though, it has been hard finding a rider of equal enthusiasm and yet similar limitations for training and what not.  Either my partner/friend is less adapt on two wheels for extended periods of time, or the individual is a bachelor or just too young to comprehend the slower pace that has apparently accompanied my age and lifestyle.  I'm not a novice by any stretch, but no expert rider either, undertaking a 300 some mile self-created mtb bike tour in southern CO, 
Maybe you will have to make some concessions and be willing to slow down to ride with someone "less adept". Most couples who ride together end up doing that I believe. At least my wifer and I do-when she has slow days, I wait, and when I'm slow, she waits. Not a big issue if you want company on the ride. Plus, you might find some less skilled riders improve fairly quickly to your level.

Offline gjjmtnus

Re: finding a riding partner
« Reply #6 on: February 18, 2009, 10:33:16 am »

Maybe you will have to make some concessions and be willing to slow down to ride with someone "less adept". Most couples who ride together end up doing that I believe. At least my wifer and I do-when she has slow days, I wait, and when I'm slow, she waits. Not a big issue if you want company on the ride. Plus, you might find some less skilled riders improve fairly quickly to your level.
[/quote]

Well, I think what I also meant is that in many cases, I am the weaker link. Due to family etc. I don't ride near as much, and mostly solo.  don't know how I would keep up with today's "biking crowd".  But the only way to find out is to see where other fanatical riders are at in their pursuit of the trail.  I spend a good deal of time with my 4-year-old boy on the wider mtb tracks, and its great to see how enthused he is about riding.
Climb till there is no trail, then keep climbing.

bobbirob22

  • Guest
Re: finding a riding partner
« Reply #7 on: March 01, 2009, 06:24:08 pm »
Is there anyone out there who has any idea where I'm coming from and/or knows of someone who would be interested in such an undertaking? 


 



http://www.crazyguyonabike.com/

try lookling for a partner here.

Offline cyclebum

Re: finding a riding partner
« Reply #8 on: March 09, 2009, 12:35:02 am »
I've toured solo and with a partner. There are pluses and minuses to both ways, but I'd give the edge to riding with a partner.

I live in a small town in a county where you can count serious cyclist on one hand. I wasn't even looking for a partner and lucked up on two over 3 years. Found one on Warmshowers about 70 miles from where I live and the other thru CG about 200 miles away. Point being, you may have to depend on luck here. Being involved in the touring forums/sites is one way to find a partner.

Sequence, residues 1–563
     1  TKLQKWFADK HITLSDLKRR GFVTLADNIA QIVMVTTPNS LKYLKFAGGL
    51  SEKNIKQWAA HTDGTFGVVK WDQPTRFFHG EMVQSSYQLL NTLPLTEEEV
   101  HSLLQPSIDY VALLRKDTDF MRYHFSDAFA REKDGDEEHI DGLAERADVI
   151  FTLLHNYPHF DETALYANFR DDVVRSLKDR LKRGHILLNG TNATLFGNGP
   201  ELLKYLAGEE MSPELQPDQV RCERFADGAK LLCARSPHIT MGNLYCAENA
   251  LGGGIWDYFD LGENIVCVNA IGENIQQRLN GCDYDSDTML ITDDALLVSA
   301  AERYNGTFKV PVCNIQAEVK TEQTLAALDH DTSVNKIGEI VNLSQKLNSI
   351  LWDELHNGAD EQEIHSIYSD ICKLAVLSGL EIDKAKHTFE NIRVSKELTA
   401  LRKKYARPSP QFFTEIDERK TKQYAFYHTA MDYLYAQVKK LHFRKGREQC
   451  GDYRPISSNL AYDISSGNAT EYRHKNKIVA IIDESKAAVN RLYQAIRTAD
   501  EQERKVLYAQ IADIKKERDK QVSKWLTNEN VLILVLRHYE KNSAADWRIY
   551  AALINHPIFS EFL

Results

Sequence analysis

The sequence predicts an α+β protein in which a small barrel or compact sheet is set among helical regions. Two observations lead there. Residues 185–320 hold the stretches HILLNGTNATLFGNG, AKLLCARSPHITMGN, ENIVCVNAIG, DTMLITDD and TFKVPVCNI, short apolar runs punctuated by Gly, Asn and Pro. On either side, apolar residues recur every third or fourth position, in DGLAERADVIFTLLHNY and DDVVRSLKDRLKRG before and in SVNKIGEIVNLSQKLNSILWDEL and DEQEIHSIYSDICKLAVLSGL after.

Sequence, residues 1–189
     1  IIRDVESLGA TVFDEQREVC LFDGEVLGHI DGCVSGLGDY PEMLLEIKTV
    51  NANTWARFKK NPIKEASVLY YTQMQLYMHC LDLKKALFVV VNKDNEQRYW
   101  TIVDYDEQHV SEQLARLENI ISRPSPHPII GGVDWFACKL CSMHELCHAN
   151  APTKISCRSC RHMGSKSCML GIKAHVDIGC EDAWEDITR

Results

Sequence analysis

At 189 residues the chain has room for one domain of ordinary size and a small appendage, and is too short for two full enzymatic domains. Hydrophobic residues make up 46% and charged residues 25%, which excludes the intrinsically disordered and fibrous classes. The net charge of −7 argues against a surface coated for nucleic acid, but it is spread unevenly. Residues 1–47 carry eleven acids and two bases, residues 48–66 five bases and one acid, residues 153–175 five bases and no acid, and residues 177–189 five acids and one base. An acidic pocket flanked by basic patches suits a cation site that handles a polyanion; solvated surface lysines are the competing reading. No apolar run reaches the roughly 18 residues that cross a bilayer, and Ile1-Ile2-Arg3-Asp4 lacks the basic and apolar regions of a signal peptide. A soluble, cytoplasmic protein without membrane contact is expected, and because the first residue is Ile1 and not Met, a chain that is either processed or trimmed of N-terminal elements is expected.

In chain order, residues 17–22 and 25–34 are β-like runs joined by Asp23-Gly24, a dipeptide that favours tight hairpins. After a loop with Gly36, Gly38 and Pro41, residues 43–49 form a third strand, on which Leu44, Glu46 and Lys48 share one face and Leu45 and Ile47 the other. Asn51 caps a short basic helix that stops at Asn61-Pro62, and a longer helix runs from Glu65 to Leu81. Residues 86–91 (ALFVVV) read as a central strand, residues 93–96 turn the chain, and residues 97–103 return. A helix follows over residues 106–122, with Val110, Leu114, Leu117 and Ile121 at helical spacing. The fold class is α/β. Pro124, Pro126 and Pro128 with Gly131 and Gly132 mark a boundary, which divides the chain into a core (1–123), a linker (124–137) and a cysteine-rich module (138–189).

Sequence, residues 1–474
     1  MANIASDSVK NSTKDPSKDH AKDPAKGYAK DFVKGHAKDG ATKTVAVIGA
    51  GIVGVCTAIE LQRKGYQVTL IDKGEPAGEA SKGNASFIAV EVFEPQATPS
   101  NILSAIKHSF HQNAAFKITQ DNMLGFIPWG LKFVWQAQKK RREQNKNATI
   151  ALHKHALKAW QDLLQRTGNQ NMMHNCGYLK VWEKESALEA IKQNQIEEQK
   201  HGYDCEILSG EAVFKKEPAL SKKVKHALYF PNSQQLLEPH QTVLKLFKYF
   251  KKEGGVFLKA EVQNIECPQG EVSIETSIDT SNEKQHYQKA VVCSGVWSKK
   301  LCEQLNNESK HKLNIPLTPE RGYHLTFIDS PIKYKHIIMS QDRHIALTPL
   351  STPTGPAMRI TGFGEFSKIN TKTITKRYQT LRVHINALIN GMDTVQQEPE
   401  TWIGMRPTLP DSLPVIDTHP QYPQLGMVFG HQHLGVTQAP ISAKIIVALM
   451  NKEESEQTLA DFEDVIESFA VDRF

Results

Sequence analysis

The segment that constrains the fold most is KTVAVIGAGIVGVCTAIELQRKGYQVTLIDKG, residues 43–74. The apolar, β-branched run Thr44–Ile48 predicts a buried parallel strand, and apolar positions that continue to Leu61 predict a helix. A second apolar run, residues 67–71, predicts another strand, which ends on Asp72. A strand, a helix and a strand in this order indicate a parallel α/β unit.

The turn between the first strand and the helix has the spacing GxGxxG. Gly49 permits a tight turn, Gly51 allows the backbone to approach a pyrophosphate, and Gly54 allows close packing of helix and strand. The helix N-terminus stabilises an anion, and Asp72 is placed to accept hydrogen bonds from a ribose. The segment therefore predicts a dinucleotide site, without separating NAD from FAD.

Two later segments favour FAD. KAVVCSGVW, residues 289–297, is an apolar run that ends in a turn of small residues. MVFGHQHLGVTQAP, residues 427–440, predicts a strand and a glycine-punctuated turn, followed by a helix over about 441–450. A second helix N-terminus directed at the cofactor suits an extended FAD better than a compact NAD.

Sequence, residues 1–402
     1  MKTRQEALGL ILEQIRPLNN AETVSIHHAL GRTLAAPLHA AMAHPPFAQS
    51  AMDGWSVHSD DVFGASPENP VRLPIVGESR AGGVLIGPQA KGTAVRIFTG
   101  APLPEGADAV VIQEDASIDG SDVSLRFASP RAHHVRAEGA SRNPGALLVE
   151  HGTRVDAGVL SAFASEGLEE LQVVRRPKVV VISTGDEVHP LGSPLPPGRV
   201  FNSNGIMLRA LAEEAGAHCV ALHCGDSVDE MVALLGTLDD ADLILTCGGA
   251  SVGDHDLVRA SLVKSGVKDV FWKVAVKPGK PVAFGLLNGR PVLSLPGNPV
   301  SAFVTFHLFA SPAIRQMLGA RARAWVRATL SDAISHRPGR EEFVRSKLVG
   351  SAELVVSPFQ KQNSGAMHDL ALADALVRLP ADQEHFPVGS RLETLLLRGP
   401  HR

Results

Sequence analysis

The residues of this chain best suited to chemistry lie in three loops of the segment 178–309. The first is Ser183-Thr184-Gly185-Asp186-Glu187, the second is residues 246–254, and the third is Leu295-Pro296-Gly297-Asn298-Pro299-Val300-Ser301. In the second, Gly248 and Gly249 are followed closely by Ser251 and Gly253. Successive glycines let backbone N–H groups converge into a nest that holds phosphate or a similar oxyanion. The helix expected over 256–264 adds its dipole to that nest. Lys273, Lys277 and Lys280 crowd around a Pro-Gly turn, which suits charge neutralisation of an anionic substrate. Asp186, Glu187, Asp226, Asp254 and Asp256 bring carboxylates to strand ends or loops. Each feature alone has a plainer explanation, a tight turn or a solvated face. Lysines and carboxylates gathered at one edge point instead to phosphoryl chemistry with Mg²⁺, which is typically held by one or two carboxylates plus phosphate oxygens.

It takes a great deal of flexibility for two or more people to have a good tour together, especially a long one. I tend to be the more flexible. I am satisfied with letting my partner plan the tour and set the pace which is about 50 miles/day, plus or minus 20. We don't ride together necessarily. We do end the day at the same place and stay in touch via cp. We don't even expect to camp together. If one wants a motel and the other doesn't, fine. If one wants to lag behind at lunch and the other wants to forge ahead, fine. Flexibility is the key.

Be aware of your partner's moods and try to accomodate. Offer help when needed. Compliments go a long way.

Well, sorry. You didn't ask for philosophy but got it anyway. Good luck.

Offline gjjmtnus

Re: finding a riding partner
« Reply #9 on: March 10, 2009, 02:31:39 pm »
I appreciate your point about flexibility, while usually I am the faster rider and its easy to be patient for me when your in that situation.  However, last summer riding with a chap 15 years my younger I lagged on a multi-day by an hour up to 3, depending, and I felt terrible.  I liked your way, but I refuse to recruit anyone on one of my mtb runs who will have to wait for me to that degree again,  increasing my training time double this year, hopefully.

I've toured solo and with a partner. There are pluses and minuses to both ways, but I'd give the edge to riding with a partner.

I live in a small town in a county where you can count serious cyclist on one hand. I wasn't even looking for a partner and lucked up on two over 3 years. Found one on Warmshowers about 70 miles from where I live and the other thru CG about 200 miles away. Point being, you may have to depend on luck here. Being involved in the touring forums/sites is one way to find a partner.

It takes a great deal of flexibility for two or more people to have a good tour together, especially a long one. I tend to be the more flexible. I am satisfied with letting my partner plan the tour and set the pace which is about 50 miles/day, plus or minus 20. We don't ride together necessarily. We do end the day at the same place and stay in touch via cp. We don't even expect to camp together. If one wants a motel and the other doesn't, fine. If one wants to lag behind at lunch and the other wants to forge ahead, fine. Flexibility is the key.

Be aware of your partner's moods and try to accomodate. Offer help when needed. Compliments go a long way.

Well, sorry. You didn't ask for philosophy but got it anyway. Good luck.

Climb till there is no trail, then keep climbing.